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  • A response to Fact vs. Fiction: 7 Truths about College Course Materials on TM News August 12, 2015

A response to Fact vs. Fiction: 7 Truths about College Course Materials on TM News August 12, 2015

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By Rory McGreal August 12, 2015 - 5:28pm


 Below is my response to the article published in TMNews on August 15, 2015.

Here is the URL for the original article.

Here is my response. 

  1. Fiction:The cost of college textbooks and course materials is a major contributor to student debt.

    The 4% of total cost assumes that the students are not getting any student aid. As the level of aid increases, the proportion of debt taken on by texts rises. It also assumes that the students are only paying university level tuition rather than community college levels, which are much lower. In any case, textbook costs are very high the increases are hardly justifiable.

  2. Fiction:The cost of course materials is climbing.

    Student spending on course materials is dropping because they are simply NOT BUYING the expensive texts as much as they used to. And, there are a growing number of free resources now available that they can use to bypass the need for a textbook in many cases, including OER or accessible Internet content.

  3. Fact: Students can save money on textbooks in a variety of ways.

    They sure can, and that is why student spending on texts is dropping. The publishers charge up to 60% less for online when their savings are in the realm of 95% when they have no distribution costs and much less marketing costs. That is why they can still profit from their reduced quality editions (b&w, restricted, etc.). OER provide even greater savings to students.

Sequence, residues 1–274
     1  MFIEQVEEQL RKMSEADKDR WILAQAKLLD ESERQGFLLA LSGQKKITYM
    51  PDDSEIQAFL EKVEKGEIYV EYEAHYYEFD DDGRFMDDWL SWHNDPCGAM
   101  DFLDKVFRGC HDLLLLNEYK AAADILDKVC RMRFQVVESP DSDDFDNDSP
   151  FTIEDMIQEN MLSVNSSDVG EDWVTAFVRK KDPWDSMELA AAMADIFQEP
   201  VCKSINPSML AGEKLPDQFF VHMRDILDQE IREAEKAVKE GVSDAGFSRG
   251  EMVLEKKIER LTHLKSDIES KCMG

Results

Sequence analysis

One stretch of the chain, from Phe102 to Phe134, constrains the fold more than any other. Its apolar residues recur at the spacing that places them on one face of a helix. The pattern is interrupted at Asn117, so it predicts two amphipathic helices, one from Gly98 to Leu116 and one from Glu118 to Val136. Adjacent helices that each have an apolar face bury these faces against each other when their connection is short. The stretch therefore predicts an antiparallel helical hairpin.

4. Fiction: The reason that new editions of course materials are released so often is to increase publisher profits.

    So, releasing new editions regularly is not for publishers' profit? Then why are they in business? Of course it is for profit. Are instructors really insisting on new editions? Especially when the content doesn't change much as is the case in many subject areas? Besides, profs can use the Web to point out developments in their field. It is no longer necessary to repeatedly update the text, even in rapidly changing fields. And why should students have to pay the full cost when only a portion of the text is updated?

  5. Fiction: Since Open Educational Resources (OER) are free, they will eventually replace purchased textbooks.

    Here is a “straw dog” argument. NO ONE is saying that it is free to create OER. Of course it costs. Yes, someone has to pay for OER and someone has to pay for commercial content. The fact is that OER are considerably less costly to taxpayers and to students. OER may not replace commercial content if the publishers can learn to live with more reasonable profit margins. OER will replace published content if they keep charging the same amount or more for the same content every year.

  6. Fiction: Students with print-related disabilities -- including blindness and dyslexia -- don’t have access to the course materials they need.

    OER are best for students with disabilities. You can use them without permission on any device and mix, mash the material however you want. Commercial content using digital locks (digital rights management;technological protection measures) and legal restrictions control how the content can be used and limit its usefulness to disabled students. They are letting up on some of these restrictions and they call that “improving”. OER don't need improving.

  7. Fiction: Students don’t really need the course materials to pass the class.

    Fact: Course materials are a key component of academic success.Academic improvement from using digital course materials and traditional textbooks is as high as 79 percent.

    I agree with this. Students need their textbooks. That is why it is so important that every student has access to a textbook. OER provide that access to ALL students not just those that can pay the high cost of commercial texts. When OER are available, student achievement levels rise and attrition drops.




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